Why does this matter to WyEast Blog readers? Well, partly because it’s important to support local authors who write about our favorite places with a level of knowledge and attention to detail that only we locals can really appreciate. But more importantly, crowdfunding has the potential to unlock a lot more in the way of local publishing, so it’s something that hopeless field guide junkies (like the author!) and casual hikers should get behind in a big way.

You can learn more about Paul’s campaign from this short video — and please consider supporting the campaign before it ends on April 4!

…more about the campaign at the end of this article. First, let’s meet Paul Gerald!

About Paul Gerald

Paul is a freelance writer, author, and publisher. He’s written for The Oregonian and Willamette Week while in Oregon, and for the Memphis Flyer before he migrated to the Great Northwest.

Paul has written hiking and camping guidebooks for Menasha Ridge Press and the Wilderness Press, and with his Breakfast in Bridgetown book, entered the world of self-publishing (also known as “the future of publishing!”) as the owner et al of Bacon and Eggs Press, an assumed business name of Second Cup Productions LLC.

Paul also leads hikes for the Mazamas (including trips to Italy!) and works for Embark Adventures when he’s not researching trails for his own guides. He has also been a supporter of the Portland Hikers community from the very beginning. In Paul’s words, his goal as an author is to “go to interesting places, do interesting things, meet interesting people, and then tell the story.”

The following is a recent WyEast Blog interview with Paul Gerald about his dual passions of hiking and eating breakfast:
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WyEast: Hello Paul! You’ve authored guidebooks to hiking trails and breakfast spots – do you generally start off a hiking day with a big breakfast?

Paul Gerald: Not generally a big one, but if I’m hiking I’ll at least scramble up some eggs at home, get a muffin and coffee on the way, then bring a banana for a little trailhead ritual. After that it’s all about bars and a nice sandwich, then Kettle chips for after. I’m something of a creature of habit. Oh, and I’m carrying about 20 extra pounds these days.

WyEast: Doesn’t that sort of slow you down on the trail?

Paul Gerald: It does, which is part of the reason I don’t do it often. But there is something really nice and Portland-y to go have a nice brunch in town, then drive out to the hills and walk it off. It’s also nice to not have to carry food on the hike. And to really do the Full Portland, I’ll stop at Edgefield on the way back and get a burger and basket of fries. Did I mention the extra 20 pounds?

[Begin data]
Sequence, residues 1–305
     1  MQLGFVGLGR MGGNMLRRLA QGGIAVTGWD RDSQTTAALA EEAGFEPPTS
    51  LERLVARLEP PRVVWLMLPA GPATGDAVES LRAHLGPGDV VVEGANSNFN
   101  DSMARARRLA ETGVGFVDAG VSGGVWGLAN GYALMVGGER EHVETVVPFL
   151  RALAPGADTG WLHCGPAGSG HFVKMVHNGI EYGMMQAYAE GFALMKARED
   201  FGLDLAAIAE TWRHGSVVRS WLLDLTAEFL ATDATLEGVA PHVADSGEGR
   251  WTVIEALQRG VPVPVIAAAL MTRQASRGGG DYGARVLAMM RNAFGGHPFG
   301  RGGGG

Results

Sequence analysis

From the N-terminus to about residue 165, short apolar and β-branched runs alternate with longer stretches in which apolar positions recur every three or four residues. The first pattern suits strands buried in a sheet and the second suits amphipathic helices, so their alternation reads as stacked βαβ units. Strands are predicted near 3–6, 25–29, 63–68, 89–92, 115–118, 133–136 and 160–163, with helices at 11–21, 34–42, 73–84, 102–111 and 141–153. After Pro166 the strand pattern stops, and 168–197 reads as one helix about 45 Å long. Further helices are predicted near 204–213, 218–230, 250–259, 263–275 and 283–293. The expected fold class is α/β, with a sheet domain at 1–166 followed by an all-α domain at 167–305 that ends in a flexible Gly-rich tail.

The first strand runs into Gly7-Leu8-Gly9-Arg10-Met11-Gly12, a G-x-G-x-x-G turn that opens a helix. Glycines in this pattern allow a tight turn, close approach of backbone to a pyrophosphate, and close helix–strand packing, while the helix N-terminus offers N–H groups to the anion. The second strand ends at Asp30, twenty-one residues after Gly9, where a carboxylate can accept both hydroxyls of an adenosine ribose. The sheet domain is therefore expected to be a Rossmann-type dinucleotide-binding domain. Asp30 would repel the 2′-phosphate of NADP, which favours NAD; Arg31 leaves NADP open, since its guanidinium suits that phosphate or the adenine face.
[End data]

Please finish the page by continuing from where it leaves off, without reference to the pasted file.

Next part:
WyEast: Tell us about your new restaurant guide: does the geography “Bridgetown” cover some of the small burgs that are along the way to favorite trailheads?

Paul Gerald: Breakfast in Bridgetown is what I call “the definitive guide to Portland’s favorite meal.” It’s not a book of reviews and ratings, but rather a series of sketches telling you what a place is like, what they serve, who eats there, and maybe a few funny stories thrown in for your entertainment. I’m not a food critic, I’m a travel writer at heart.

The new (third) edition will cover 120 restaurants, 17 food carts, 11 downtown hotels, and – yes – a lot of places out-of-town.

It also has helpful lists like outdoor seating, early morning and late night breakfasts, vegan/vegetarian options, and this time a whole section on gluten-free breakfasts.

WyEast: What are a couple of your favorites, say, for a hike in the Gorge or up on Mount Hood?

Paul Gerald: I love (and describe in the book) the Otis Cafe (for Cascade Head), Joe’s Donuts and the Huckleberry Inn (for Mount Hood), Camp 18 (for Saddle Mountain), and Skamania Lodge (for the Gorge). I should say, though, that the best way to approach Camp 18 and Skamania would be to hit the buffet after your hike.

Paul exploring the PCT in the Three Sisters Wilderness

Paul exploring the PCT in the Mount Jefferson Wilderness

WyEast: Okay, I’ll definitely try that! So, tell us about your new edition of “60 Hikes….” – what are some new hikes that we can look forward to?

Paul Gerald: The biggest change, other than just getting things up to date, is that the maps and elevation profiles have been upgraded. They have more detail, more helpful information, and they just look better. There is also now a really helpful chart in the beginning of the book, showing which hikes are good for kids, backpacking, seeing waterfalls, wheelchair access, swimming (that’s a new category), great views, the best time to go, etc. It replaces the lists in the front of the current edition, and adds more info, as well.

As for new hikes, I am bringing back two old favorites, both of which had to miss a couple editions because of access issues. One is the Salmonberry River, where you walk down the abandoned railroad through a beautiful Coast Range canyon. They are looking at this as a “rail to trail” project, and I hope to get people out there to see it in its “wild” condition.

I’m also bringing back one of my all-time favorites, which I call South Fork Toutle River. Some folks call it the Sheep Canyon hike, but it’s a section of the Loowit Trail on the west side of Mount Saint Helens. You start in a huge mudslide, walk through ancient forest, then climb into alpine splendor and wind up on the very edge of the 1980 blast zone.

I’m also adding the Cape Horn Trail (I was waiting for all the trails to get worked out) and bringing back the Willamette River Greenway in the middle of Portland.